Wednesday 2 June 2010

Not so NICE

Price control on alcohol draws ever nearer. The National Institute for Health and Clinical Excellence (NICE) has shown it's not so nice by coming out in favour of a minimum price for alcohol, with the figure of 50p a unit being discussed on the radio this morning. This move was first suggested in Scotland.

The argument that it would help with problem drinkers was fatally flawed for me when it was revealed that Buckfast Abbey Tonic wine, a favourite of Glaswegian winos would not be affected!


  1. Couldn't care less about problem drinkers but I'm all in favour of this idea and can't see how anyone who's into beer could object to it.

    It won't effect beer prices in pubs and won't effect any of the decent ales in the supermarkets either as all are already above the minimum.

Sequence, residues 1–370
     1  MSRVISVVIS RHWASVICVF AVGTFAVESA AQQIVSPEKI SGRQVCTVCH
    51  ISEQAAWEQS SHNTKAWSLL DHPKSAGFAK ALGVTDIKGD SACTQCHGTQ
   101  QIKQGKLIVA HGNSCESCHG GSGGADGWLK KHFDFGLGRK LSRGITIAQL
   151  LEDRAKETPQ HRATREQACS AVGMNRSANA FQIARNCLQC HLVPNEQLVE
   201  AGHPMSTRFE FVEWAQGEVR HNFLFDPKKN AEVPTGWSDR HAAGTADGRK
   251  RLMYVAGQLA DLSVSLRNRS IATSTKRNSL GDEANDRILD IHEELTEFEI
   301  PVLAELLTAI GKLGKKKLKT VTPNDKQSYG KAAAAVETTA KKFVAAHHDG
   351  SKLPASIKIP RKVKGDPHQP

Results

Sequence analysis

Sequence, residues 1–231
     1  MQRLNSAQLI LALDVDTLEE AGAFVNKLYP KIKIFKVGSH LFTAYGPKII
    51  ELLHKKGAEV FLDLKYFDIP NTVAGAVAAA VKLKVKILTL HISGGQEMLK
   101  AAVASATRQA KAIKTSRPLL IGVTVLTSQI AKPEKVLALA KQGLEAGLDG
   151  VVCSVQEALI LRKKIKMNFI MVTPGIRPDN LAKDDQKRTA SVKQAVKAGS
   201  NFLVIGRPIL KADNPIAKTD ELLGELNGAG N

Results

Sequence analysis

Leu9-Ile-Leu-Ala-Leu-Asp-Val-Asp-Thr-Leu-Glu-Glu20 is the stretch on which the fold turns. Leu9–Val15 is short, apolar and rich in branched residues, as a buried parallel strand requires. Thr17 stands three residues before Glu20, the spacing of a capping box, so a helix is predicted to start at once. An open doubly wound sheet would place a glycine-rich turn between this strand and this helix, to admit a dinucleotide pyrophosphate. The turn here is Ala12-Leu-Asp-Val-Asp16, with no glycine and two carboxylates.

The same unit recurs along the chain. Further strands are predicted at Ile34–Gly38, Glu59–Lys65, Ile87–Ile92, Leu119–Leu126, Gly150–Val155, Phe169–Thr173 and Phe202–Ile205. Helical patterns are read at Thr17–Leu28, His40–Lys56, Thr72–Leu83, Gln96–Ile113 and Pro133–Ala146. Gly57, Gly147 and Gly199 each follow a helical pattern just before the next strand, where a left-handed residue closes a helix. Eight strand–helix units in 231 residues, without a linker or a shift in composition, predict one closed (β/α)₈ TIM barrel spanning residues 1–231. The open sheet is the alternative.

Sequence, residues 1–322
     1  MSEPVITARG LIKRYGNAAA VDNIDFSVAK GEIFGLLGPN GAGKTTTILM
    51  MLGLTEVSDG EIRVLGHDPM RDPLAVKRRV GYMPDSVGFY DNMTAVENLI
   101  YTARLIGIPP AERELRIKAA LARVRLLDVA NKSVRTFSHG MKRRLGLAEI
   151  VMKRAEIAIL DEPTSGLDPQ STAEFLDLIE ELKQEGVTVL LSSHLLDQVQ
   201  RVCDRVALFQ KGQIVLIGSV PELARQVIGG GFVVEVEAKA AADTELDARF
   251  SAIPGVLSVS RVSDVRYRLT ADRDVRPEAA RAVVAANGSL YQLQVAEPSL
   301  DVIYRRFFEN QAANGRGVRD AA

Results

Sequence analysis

However raising the price of the cheap n nasty stuff could easily drive people on to the better stuff, aiding many small breweries. It could also be the lifeline for many pubs as well, if drinking at home is no longer quite so attractive price wise.

    Win-win situation really. Unless you're a Strongbow drinker obviously.

  2. "First they came for the white lightning drinkers, but I didn't speak up because I was not a white lightning drinker..."

    Anything that gets done to restrict access to booze disturbs me. Minimum pricing does it on two counts. Firstly the state always loves to increase its power and once minimum pricing has come in it will keep being cranked up until it's much more annoying that it first seems.

    Secondly the whole thing smacks of Victorian style bashing the 'undeserving' poor to me. Surely tramps and students should be able to get pissed as much as the well paid doctors and politicians advocating this?

  3. It's rank snobbery, really - the affluent can still get happily ratted on Chablis and Glenlivet, but the poor have to pay more for Stella and plonk.

    And, if off-trade alcohol is a bit dearer, but still much cheaper than pubs, how exactly does that encourage anyone to visit pubs? You could even say it would make it less likely as they'd have less spare money to spend.